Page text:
April 13, 2004

Lurking through holes

Fernando Pereira emailed to forward Leslie Kaelbling's observation of another apparently mixed-up headline in today's papers: "Hackers lurk through holes in hot spots". But Fernando points out that Google finds 1070 instances of "lurk through", and remarks "so much for our intuitions about 'lurk through'".

My first throught was that the cited headline is a malapropism for "leak through". After reading the story, I guess it's a sort of blend of "leak through" and "lurk throughout". Most of the google hits for "lurk though" seem to be genuine compositional uses of "lurk" and "through" (in the sense of "throughout", "along", "during" etc.).

By contrast, the several examples of "ignite a torrent" that Google finds seem to be ordinary mixed metaphors, caused by the use of one or both of the (content) words in extended senses that have been bleached of their original content. Thus when someone writes that "PUHCA repeal is expected to ignite a torrent of utility 'mega mergers'", they just mean to say "start a large number (of mergers)" in a more vivid way, and the implicit mixture of fire and water doesn't occur to them at all.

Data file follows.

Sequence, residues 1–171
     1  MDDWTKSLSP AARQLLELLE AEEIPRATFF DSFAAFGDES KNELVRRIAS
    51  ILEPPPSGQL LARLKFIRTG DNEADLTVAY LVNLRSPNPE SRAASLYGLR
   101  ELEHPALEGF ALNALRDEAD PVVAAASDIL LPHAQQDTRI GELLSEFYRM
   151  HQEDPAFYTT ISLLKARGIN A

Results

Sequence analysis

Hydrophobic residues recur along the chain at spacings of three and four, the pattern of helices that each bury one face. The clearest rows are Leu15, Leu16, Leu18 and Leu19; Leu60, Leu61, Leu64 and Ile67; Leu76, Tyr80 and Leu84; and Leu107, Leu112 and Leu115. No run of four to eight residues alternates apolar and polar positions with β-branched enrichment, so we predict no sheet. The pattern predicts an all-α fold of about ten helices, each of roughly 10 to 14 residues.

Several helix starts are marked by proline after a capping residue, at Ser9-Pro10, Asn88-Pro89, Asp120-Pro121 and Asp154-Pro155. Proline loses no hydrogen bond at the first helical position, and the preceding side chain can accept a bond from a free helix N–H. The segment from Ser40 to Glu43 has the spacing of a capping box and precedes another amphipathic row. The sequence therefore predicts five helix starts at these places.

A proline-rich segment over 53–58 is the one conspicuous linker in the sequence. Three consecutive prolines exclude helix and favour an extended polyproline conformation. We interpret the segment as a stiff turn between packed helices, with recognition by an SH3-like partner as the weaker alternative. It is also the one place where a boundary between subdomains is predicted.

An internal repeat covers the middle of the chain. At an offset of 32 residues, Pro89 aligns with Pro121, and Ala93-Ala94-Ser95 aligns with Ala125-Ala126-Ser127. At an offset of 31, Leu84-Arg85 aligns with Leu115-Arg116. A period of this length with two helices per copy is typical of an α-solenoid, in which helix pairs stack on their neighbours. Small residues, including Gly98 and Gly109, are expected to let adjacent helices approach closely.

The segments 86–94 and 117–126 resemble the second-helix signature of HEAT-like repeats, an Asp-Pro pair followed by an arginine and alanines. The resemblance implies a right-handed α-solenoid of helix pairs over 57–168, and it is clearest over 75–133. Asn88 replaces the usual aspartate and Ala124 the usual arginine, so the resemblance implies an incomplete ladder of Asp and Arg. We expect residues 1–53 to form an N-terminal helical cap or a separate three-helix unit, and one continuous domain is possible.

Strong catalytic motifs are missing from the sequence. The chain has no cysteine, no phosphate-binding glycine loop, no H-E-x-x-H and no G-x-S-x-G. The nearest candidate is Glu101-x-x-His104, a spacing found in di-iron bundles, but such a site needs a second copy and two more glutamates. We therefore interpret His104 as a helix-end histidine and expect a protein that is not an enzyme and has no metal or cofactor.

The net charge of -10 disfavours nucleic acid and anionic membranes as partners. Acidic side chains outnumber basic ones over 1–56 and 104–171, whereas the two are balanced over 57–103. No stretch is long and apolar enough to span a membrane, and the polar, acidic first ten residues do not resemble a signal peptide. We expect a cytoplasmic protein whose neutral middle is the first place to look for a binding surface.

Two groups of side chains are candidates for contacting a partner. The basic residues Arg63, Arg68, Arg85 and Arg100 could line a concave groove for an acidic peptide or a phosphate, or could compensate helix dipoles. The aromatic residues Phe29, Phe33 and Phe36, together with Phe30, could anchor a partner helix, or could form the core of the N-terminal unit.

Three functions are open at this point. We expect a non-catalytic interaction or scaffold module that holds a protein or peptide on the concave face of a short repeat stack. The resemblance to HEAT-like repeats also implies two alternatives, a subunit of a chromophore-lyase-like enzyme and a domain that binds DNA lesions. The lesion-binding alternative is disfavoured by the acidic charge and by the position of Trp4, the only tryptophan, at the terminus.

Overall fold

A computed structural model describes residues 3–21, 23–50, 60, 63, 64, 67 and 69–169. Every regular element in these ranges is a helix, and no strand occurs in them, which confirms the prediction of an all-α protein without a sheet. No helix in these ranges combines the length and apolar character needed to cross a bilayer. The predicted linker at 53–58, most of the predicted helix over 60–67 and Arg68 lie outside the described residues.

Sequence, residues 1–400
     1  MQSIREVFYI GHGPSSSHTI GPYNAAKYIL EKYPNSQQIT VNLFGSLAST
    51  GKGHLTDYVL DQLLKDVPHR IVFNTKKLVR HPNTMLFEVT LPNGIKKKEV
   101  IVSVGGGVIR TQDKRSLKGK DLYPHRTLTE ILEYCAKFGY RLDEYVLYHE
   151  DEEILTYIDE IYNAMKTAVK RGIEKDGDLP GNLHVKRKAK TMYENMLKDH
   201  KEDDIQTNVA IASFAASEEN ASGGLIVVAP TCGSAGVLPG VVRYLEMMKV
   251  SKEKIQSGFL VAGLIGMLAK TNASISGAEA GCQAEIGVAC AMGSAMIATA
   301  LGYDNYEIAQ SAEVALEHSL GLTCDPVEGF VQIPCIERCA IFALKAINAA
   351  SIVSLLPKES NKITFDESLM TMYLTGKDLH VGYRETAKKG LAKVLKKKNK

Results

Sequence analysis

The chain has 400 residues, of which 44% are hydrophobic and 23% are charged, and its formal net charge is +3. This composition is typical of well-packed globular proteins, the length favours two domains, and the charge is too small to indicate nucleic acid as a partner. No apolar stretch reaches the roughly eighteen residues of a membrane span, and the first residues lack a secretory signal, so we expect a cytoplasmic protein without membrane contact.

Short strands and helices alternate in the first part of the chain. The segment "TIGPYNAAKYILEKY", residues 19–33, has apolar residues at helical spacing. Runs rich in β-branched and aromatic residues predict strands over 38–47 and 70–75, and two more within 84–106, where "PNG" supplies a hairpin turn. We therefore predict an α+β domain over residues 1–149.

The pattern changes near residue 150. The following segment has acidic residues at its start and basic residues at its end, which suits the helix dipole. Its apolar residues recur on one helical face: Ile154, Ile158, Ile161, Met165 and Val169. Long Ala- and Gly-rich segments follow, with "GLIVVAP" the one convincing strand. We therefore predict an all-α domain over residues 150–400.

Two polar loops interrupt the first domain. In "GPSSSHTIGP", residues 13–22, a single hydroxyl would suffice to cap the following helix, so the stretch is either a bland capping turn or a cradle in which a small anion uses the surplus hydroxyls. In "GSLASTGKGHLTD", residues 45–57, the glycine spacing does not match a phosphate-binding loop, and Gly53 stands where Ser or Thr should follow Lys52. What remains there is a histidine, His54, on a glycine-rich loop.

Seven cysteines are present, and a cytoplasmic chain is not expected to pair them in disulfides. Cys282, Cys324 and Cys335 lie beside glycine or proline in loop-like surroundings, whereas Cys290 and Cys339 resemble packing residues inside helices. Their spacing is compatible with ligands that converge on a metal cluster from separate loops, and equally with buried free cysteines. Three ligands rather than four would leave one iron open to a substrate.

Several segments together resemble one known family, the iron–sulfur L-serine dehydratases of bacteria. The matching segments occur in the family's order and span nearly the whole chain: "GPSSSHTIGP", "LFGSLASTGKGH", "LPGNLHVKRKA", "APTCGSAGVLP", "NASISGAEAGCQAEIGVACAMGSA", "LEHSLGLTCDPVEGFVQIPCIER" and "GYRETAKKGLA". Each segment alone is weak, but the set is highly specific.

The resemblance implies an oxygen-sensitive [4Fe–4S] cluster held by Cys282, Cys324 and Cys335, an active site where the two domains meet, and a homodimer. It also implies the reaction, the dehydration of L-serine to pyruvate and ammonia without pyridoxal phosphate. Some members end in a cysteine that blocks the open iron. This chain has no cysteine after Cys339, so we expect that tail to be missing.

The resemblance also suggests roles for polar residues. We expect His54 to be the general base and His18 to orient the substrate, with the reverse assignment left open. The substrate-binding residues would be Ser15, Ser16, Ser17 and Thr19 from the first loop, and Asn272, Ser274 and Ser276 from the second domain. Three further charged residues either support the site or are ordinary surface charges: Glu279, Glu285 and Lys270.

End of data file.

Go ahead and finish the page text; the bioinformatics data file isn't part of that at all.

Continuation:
There's nothing really wrong with this, except that if the writer's language is more bleached than the readers' are, the readers get distracted (and amused). The word muscle originally meant "small mouse", but it doesn't bother us when someone writes a headline that says Intel adds more muscle to Xeon MP. No one makes fun of them for talking about adding mice to the cache, because only scholars and pedants remember the word's source.

Posted by Mark Liberman at April 13, 2004 08:43 AM